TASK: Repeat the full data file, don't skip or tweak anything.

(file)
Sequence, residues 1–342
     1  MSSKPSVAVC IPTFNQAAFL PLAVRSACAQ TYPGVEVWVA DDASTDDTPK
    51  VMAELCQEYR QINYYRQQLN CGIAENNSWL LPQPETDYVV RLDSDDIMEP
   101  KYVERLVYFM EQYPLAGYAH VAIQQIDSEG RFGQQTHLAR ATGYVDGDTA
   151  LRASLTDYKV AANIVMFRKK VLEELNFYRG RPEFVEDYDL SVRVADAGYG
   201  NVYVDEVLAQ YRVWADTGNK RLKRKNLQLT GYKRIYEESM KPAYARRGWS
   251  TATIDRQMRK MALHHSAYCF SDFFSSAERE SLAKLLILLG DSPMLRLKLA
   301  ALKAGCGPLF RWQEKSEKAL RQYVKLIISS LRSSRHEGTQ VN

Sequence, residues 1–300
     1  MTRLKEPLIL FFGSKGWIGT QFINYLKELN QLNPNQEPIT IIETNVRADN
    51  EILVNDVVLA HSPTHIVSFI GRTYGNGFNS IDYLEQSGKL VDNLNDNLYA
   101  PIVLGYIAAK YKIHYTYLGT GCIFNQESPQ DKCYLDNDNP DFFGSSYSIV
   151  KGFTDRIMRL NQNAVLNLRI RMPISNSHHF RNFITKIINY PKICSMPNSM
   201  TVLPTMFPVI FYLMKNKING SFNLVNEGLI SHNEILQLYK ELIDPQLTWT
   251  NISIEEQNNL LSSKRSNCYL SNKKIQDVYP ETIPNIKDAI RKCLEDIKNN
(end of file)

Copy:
Sequence, residues 1–342
     1  MSSKPSVAVC IPTFNQAAFL PLAVRSACAQ TYPGVEVWVA DDASTDDTPK
    51  VMAELCQEYR QINYYRQQLN CGIAENNSWL LPQPETDYVV RLDSDDIMEP
   101  KYVERLVYFM EQYPLAGYAH VAIQQIDSEG RFGQQTHLAR ATGYVDGDTA
   151  LRASLTDYKV AANIVMFRKK VLEELNFYRG RPEFVEDYDL SVRVADAGYG
   201  NVYVDEVLAQ YRVWADTGNK RLKRKNLQLT GYKRIYEESM KPAYARRGWS
   251  TATIDRQMRK MALHHSAYCF SDFFSSAERE SLAKLLILLG DSPMLRLKLA
   301  ALKAGCGPLF RWQEKSEKAL RQYVKLIISS LRSSRHEGTQ VN

Sequence, residues 1–300
     1  MTRLKEPLIL FFGSKGWIGT QFINYLKELN QLNPNQEPIT IIETNVRADN
    51  EILVNDVVLA HSPTHIVSFI GRTYGNGFNS IDYLEQSGKL VDNLNDNLYA
   101  PIVLGYIAAK YKIHYTYLGT GCIFNQESPQ DKCYLDNDNP DFFGSSYSIV
   151  KGFTDRIMRL NQNAVLNLRI RMPISNSHHF RNFITKIINY PKICSMPNSM
   201  TVLPTMFPVI FYLMKNKING SFNLVNEGLI SHNEILQLYK ELIDPQLTWT
   251  NISIEEQNNL LSSKRSNCYL SNKKIQDVYP ETIPNIKDAI RKCLEDIKNN